Love him or hate him, only in America with the same jacket for the last 30 years. I get the chance to retire Don King by beating the only horse (Tavoris Cloud) he has left to ride. I said it at the press conference. I’m saying it right now that I get the opportunity to retire one of the greatest promoters of many generations before me. Who would have ever thought? A bullet didn’t do it. A bad steak at a dinner didn’t do it. A car crash didn’t do it. I am undefeated against Don King fighters and there’s 15 of them, from William Joppy to Simon Brown.
How many athletes or entertainers get a chance to break their own record? [Writer's Note: Hopkins established a record as the oldest fighter ever to win a major title in 2011 when he defeated Jean Pascal at age 46.] Most artists don’t get to break their sales records in music. How many artists have gone diamond? I’ve gone diamond many times in the boxing game. That means a lot to me. Why not build on it while I can? That’s my whole case on my future in boxing.
Seven years I’ve been with Golden Boy Promotions. Now we’re seeing Golden Boy growing on the East Coast with guys like Adrien Broner and Danny Garcia. I’m doing a lot more than just throwing punches. It’s the hustler’s mentality that goes beyond the Hip-Hop game. You live and die by what you create.
Come March 9, I’m going to be glad to be at the Barclays Center to send a message. I left my DNA in Madison Square Garden in 2001 and made history. Now I’ll make history in the new Mecca of boxing in New York. It used to be the hood. Now it’s “Hello Brooklyn.” It will become a part of my legacy. I’m honored and I’ve earned that. I earned that respect but I still have to go in the ring and take what is mine, and that’s victory.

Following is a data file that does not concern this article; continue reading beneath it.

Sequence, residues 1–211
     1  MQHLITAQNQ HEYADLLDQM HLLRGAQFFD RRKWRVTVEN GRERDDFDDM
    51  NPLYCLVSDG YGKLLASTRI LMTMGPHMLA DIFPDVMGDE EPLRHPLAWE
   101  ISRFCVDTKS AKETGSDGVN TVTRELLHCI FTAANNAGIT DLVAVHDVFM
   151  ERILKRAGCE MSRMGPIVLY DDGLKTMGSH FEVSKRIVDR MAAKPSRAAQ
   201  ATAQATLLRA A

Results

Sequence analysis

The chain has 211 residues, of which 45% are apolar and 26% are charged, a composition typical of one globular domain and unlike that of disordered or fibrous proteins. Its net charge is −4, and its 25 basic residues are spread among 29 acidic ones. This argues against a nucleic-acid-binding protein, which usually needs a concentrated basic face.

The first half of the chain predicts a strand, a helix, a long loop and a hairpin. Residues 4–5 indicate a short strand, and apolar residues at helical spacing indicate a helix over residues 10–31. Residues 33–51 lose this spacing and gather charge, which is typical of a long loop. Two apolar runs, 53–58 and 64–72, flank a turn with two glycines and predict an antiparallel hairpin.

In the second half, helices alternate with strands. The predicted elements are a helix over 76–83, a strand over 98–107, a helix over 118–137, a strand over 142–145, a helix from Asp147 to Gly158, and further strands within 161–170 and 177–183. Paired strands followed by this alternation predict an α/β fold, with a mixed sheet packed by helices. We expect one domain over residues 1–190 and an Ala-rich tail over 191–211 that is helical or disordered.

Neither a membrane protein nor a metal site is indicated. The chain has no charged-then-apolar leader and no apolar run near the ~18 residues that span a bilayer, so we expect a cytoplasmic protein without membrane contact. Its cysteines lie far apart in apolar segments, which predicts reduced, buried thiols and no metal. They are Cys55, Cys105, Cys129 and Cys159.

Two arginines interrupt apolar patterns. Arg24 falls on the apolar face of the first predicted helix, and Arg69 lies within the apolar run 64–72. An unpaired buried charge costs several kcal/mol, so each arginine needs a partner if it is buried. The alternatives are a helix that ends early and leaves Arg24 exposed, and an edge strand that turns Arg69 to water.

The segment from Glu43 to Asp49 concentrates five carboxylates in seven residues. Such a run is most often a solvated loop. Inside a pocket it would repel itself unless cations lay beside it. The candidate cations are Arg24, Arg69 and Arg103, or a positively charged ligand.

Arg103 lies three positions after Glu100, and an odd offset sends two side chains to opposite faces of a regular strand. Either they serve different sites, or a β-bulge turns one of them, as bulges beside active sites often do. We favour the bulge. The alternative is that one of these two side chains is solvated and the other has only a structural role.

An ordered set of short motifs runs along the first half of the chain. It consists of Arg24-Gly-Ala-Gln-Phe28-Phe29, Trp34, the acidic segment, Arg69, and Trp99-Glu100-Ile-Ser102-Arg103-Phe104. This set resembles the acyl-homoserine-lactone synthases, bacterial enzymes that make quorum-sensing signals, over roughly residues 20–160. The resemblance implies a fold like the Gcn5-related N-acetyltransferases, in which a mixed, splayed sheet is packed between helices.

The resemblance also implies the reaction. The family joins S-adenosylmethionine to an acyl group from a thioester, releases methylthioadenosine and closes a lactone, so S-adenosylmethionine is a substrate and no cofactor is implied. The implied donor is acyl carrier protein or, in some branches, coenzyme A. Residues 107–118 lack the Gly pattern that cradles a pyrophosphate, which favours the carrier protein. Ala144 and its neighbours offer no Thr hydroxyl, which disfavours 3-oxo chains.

If Floyd Mayweather’s Network Switch Will Change Boxing
That’s going to happen whether we like it or not. Again, I can tell I’m talking to someone with knowledge of that era. Someone is going to have to answer to why Floyd Mayweather is at Showtime and not HBO. Someone’s head is gonna roll. They have a boss; it’s no different from the music business. If Jay-Z wants someone on Roc Nation, and he’s making strong efforts to make sure someone gets him, and that person doesn’t do it, he has to answer for it.
That important piece [Mayweather] is now at your rival. The ratings will shift. The game is gonna change. Competition has always been healthy, but if you can get rid of it in business, you do it. You always want the block locked down in the streets or the market in corporate America. So now that Mayweather is at Showtime, someone at HBO didn’t do their job.
I have a degree from the streets, not corporate America. I’m not trying to act like I have credentials there, but I think I know what I’m talking about.
Hopkins vs. Cloud, a 12-round fight for Cloud’s IBF Light Heavyweight World Championship will take place Saturday, March 9 at Barclays Center in Brooklyn. The event is promoted by Golden Boy Promotions in association with Don King Productions and sponsored by Corona, AT&T, Ford and Rocawear. The HBO World Championship Boxing telecast begins at 9:30 p.m. ET/PT. The co-main event will be a 12-round fight between top rated undefeated contender Keith Thurman and former World Champion Jan Zaveck for Zaveck’s WBO Inter-Continental Welterweight Championship.
Tickets, priced at $200, $100, $85, $50 and $25, plus applicable taxes and service charges, are available for purchase at www.barclayscenter.com, www.ticketmaster.com, the American Express Box Office at Barclays Center, all Ticketmaster locations or by calling 800-745-3000.